OFFICE OF SURFACE MINING RECLAMATION AND ENFORCEMENT
Library of COALEX Research Reports
COALEX Research Reports are the products of research and analysis conducted on specific issues relating to the regulation of Surface Mining Control and Reclamation Act of 1977. The research is conducted in response to requests for information from State Regulatory Authorities, under a cooperative agreement between the Office of Surface Mining (OSM) and the Interstate Mining Compact Commission (IMCC).
COALEX refers to the Library of Surface Mining Materials maintained by OSM in LEXIS-NEXIS and is a major source for the research.
Each Report includes a list of resources which were sent as attachments to the individual who requested the research. To obtain a copy of the attachments or to obtain any additional information, contact Joyce Zweben Scall by phone at 202-686-9138 or by email at JZScall@aol.com.
COALEX STATE INQUIRY REPORT - 232
Tom Roan, Esquire
Attorney General's Office
123 Capitol Building
Cheyenne, Wyoming 82002
TOPIC: DEFINITION OF "OPERATOR" (Continuation of Report 224)
INQUIRY: A permit holder minimally disturbed the permitted area; no minerals were removed. Is this permit holder considered an "operator", as defined in SMCRA and the regulations, who is responsible for reclamation? Please locate any materials on this issue.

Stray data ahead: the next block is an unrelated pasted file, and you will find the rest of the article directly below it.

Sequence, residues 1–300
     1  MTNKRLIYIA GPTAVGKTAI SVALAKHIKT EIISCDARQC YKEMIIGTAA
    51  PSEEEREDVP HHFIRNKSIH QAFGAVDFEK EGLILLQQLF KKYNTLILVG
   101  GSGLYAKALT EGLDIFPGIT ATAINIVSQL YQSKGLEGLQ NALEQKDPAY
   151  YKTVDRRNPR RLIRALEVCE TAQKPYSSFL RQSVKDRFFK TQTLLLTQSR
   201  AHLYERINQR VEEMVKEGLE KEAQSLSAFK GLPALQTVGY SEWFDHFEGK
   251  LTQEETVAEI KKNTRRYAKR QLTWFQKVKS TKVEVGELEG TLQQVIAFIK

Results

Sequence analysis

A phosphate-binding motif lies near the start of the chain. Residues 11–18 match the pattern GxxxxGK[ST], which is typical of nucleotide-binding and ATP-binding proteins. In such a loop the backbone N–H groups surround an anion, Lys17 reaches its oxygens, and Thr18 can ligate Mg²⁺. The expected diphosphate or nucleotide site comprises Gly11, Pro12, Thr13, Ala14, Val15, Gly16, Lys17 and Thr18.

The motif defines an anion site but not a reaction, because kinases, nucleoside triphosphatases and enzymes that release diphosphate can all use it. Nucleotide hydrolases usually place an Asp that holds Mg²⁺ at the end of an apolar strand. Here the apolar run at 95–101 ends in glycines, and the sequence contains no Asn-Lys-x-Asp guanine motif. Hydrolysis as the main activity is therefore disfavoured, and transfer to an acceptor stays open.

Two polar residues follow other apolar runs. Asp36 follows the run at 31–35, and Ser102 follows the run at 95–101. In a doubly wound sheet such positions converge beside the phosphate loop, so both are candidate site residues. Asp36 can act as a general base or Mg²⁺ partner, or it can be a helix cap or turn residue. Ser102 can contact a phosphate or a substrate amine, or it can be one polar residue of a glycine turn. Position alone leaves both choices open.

SEARCH RESULTS: Research was conducted using the COALEX Library and the other materials available in LEXIS. No materials were identified that address the specific fact situation above. The Interior administrative decisions and Federal Register notice listed below have fact situations with some elements in common with the inquiry situation and discuss related issues. Some decisions have been summarized, for others, a relevant excerpt has been included. Copies of all materials are attached.
ADMINISTRATIVE DECISIONS OF THE DEPT. OF THE INTERIOR
RUSSELL PRATER LAND CO. v OSM, 3 IBSMA 124, IBSMA 80-94 (1981).
"Proof of the intention to mine coal and of a disturbance is sufficient to establish OSM's authority to regulate a site."
Also see these attached decisions that site Russell Prater: C & N COAL CO., INC. v OSM, 103 IBLA 48, IBLA 86-166 (1988) and AUBREY WATKINS v OSM, Docket No. NX 0-225-R (1983).
SQUIRE BAKER, 1 IBSMA 279, IBSMA 79-26 (1979).